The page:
As a warehouse operator, your day is often spent trying to ensure dozens of different needs are met, from unloading trucks to managing warehouse staff to cataloging inventory. These are important duties, for sure, but there is another you should add to the list of daily to-dos — tracking vehicle traffic to and from your warehouse.
Why, you ask? Well, if you operate a warehouse in Southern California, and specifically in Los Angeles, Orange, San Bernardino, or Riverside Counties, the number of vehicles that visit your facility on a daily basis could end up costing you money.
Warehouses that are 100,000 square feet or larger and are located within the South Coast Air Quality Management District (South Coast AQMD) are subject to the Warehouse Indirect Source Rule (ISR). This rule requires warehouse operators to keep an accurate record of the frequency of truck trips and take actions to help mitigate the environmental impact of those activities at their locations.
The Warehouse ISR is built as a credit-deficit system. Through the Warehouse Actions and Investments to Reduce Emissions (WAIRE) program, individual sites generate their own compliance obligation based on how busy that location is. This is done primarily through daily trip data collection. Warehouse operators subject to this rule must ensure vehicle data is being logged in a consistent and, most importantly, verifiable way. This can be done in any number of ways — physical logging using a guard shack or other driver checking process, digital trip logging via a dispatching system, or through contractual records. There are no specific requirements for recordkeeping other than the records themselves being verifiable.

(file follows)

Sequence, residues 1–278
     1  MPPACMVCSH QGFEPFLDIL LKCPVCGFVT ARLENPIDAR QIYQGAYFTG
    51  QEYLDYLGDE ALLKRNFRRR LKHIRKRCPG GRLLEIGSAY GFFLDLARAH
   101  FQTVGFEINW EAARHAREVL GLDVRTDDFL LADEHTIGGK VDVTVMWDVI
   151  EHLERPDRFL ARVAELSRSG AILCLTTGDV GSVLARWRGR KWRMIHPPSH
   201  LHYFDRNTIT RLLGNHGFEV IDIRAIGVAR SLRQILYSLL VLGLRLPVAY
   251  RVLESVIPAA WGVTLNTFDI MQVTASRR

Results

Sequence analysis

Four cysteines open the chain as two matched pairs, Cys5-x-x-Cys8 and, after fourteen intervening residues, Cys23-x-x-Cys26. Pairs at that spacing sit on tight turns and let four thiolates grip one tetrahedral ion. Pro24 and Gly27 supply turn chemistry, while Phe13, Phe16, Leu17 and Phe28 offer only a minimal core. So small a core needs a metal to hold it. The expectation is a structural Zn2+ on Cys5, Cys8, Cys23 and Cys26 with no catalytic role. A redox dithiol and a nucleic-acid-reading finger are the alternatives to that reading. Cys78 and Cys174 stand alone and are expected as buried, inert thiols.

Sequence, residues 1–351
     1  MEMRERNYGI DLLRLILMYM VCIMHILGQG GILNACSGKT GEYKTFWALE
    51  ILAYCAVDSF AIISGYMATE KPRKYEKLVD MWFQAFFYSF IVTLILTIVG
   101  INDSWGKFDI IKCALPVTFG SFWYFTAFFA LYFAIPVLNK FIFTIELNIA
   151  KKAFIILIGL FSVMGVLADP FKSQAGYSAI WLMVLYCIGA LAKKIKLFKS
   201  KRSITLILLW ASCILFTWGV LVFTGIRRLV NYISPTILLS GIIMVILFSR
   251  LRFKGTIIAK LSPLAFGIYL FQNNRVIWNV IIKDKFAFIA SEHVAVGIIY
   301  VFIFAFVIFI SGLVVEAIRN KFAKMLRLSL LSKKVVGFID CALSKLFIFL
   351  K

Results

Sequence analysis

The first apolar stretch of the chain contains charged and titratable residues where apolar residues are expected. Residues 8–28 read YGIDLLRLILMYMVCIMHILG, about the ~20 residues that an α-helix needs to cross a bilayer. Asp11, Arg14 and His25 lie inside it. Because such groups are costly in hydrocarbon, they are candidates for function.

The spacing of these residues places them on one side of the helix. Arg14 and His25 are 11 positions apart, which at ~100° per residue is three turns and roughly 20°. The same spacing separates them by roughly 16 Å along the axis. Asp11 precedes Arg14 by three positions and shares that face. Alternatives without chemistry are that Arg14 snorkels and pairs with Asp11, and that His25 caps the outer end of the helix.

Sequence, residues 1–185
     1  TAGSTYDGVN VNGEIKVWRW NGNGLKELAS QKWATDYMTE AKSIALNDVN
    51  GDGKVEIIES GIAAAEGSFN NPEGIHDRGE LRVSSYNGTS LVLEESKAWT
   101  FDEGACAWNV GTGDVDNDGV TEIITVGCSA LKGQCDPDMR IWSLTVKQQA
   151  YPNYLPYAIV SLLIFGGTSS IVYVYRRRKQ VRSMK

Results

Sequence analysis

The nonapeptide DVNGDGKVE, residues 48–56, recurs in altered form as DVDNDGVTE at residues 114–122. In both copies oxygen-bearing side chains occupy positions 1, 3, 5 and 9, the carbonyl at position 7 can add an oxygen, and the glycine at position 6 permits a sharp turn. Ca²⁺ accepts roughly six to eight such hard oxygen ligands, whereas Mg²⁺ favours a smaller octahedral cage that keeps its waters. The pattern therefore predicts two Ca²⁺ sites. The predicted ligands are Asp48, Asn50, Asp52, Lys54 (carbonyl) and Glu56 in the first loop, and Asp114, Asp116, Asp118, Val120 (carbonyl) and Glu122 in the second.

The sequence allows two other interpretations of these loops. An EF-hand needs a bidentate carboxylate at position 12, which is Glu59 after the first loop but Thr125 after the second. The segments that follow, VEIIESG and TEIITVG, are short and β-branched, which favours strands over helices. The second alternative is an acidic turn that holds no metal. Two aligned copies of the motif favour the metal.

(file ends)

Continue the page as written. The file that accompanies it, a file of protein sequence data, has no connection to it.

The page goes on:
Those records are used to calculate your WAIRE Points Compliance Obligation (WPCO). Think of this as a “debt” you must resolve. This number has a very real dollar amount attached to it. In fact, each point that is generated by your warehouse’s vehicle traffic is equivalent to $1,000. South Coast AQMD has estimated that a 250,000-square-foot warehouse with an average amount of vehicle traffic would likely generate a WPCO of 195 in a single year. With administrative fees, this means warehouse operators could see a bill of more than $200,000 at the end of the compliance period.
|Warehouse Size||Initial Reporting Date||Initial Compliance Period|
|250,000+ sq ft||July 1, 2022||Jan. 1, 2022 – Dec. 31, 2022|
|150,000 – 249,999 sq ft||July 1, 2023||Jan. 1, 2023 – Dec. 31, 2023|
|100,000 – 149,999 sq ft||July 1, 2024||Jan. 1, 2024 – Dec. 31, 2024|
There are ways to reduce or even eliminate any compliance obligation your warehouse may have accrued over the course of the year. South Coast AQMD has identified several options that generate credits that can be used to satisfy your WPCO. These include actions like purchasing electric or natural gas vehicles, having electric or natural gas vehicles visit your location, and installing charging or solar infrastructure at your site, among others. A handful of mitigating actions can easily eliminate your entire obligation. These may be actions your warehouse has already taken or are planning to take soon. It is important to understand what is required so you can perform adequate procurement and capital planning.
In addition to the recordkeeping requirements of this rule, warehouse operators are also required to submit annual reports to South Coast AQMD to maintain compliance. The Initial Site Information Report (ISIR) for warehouses 250,000 square feet and above is due on July 1. That gives operators less than a month to collect and compile truck traffic data and present it to South Coast AQMD. Failure to do so will likely result in fines and other corrective action.
This all may seem a bit daunting. If you were not aware of this rule or its implications, don’t worry. You are likely not alone. Understanding the rule and its implications is imperative to keeping your warehouse operational and profitable. GNA can help with all aspects of the Warehouse ISR, from calculating your obligations to helping you find cost-effective solutions.